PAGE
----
A key regional transit agency voted 11-5 at a contentious three-hour hearing today to reaffirm its support for using $70 million in federal stimulus funds to help BART build an elevated rail connector between its Coliseum station and the Oakland International Airport.

However, the support of the Metropolitan Transportation Commission depends on whether BART can address the Federal Transit Administration’s concerns about whether the 3.2-mile-long connector would have a discriminatory impact on minorities and low-income people.

The approval at today’s meeting, which was attended by about 300 people and included two hours of public comment, is contingent on BART submitting an action plan to the FTA by next week to correct any so-called “equity” deficiencies and for the FTA to approve that plan by Feb. 16.

The MTC will meet on the issue on Feb. 17 to see if the airport connector project is still on track.

If it isn’t, the MTC will re-direct the $70 million in stimulus funds to rehabilitation and preventive maintenance projects for various Bay Area transit agencies.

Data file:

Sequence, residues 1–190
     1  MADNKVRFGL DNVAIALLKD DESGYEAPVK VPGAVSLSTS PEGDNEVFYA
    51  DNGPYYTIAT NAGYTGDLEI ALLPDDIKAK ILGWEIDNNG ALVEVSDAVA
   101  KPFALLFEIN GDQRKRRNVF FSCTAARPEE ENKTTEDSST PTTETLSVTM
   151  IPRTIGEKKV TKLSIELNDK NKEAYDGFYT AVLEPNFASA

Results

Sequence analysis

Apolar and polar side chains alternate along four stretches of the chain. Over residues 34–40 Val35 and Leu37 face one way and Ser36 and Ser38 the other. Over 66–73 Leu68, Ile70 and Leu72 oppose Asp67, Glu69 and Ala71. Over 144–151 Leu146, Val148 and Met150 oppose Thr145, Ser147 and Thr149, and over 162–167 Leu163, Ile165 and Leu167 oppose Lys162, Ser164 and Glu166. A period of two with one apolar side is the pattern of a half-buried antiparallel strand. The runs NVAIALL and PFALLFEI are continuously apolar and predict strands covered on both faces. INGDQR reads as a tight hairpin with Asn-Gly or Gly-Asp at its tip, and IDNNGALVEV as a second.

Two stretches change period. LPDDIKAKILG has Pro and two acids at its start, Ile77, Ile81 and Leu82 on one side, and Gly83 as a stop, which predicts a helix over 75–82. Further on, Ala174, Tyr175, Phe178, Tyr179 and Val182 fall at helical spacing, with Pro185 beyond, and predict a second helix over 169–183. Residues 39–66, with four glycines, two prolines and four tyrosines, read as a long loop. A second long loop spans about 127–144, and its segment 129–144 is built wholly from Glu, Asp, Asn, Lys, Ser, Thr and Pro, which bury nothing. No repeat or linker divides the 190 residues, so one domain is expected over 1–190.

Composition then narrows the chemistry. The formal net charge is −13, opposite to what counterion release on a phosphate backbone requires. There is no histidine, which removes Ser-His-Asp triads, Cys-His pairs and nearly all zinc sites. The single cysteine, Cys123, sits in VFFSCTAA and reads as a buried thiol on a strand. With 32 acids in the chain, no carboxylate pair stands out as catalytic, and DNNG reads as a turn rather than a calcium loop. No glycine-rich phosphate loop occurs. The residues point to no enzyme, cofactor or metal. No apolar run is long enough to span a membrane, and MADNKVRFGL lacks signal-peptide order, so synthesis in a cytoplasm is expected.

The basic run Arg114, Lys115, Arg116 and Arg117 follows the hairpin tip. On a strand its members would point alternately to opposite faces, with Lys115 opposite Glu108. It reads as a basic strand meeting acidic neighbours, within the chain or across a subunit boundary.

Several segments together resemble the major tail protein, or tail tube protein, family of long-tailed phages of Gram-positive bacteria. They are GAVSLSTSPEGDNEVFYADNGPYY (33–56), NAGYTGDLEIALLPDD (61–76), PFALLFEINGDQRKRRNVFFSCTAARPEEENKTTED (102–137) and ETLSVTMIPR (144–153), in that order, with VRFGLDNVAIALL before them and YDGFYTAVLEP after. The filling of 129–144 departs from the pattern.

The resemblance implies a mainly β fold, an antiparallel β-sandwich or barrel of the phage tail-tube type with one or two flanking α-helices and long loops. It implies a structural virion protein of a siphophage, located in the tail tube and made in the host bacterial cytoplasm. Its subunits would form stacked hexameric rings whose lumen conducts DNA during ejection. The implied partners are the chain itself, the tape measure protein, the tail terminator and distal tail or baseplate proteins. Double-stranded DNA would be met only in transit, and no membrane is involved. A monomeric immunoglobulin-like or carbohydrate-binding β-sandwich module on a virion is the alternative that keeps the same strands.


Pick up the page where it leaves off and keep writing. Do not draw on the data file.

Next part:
BART would still get $17 million for such projects, but the San Francisco Municipal Railway would get $17 million, the Santa Clara Valley Transit Agency would get $12 million, AC Transit would get $7 million and other agencies would also get funds.

BART’s airport connector project, which is projected to cost $492 million, has been discussed for more than 20 years and has been approved by BART’s board of directors, the Oakland City Council, the Port of Oakland’s board and other agencies.

The MTC initially approved allocating $70 million in stimulus funding for the project last year but took a second look today in the wake of a letter by FTA administrator Peter Rogoff alleging that BART has failed to analyze whether the project will have a discriminatory effect on minority and low-income communities.

Rogoff said BART must meet its concerns by March 5 or the Bay Area will lose the $70 million in stimulus money.

One of Rogoff’s concerns is whether low-income people could afford to ride on the airport connector.

BART hasn’t set a fare yet but it’s been estimated that it could cost $6 for a one-way trip.
The current shuttle service between the Coliseum station and the airport costs $3 each way.

BART spokeswoman Luna Salavar said the transit agency would still try to go forward with the airport connector if it loses the $70 million in stimulus money but the loss of that money might slow down the project if it takes long to find another source of money.

Current plans call for construction work to take three-and-a-half years and for service to begin in 2013.

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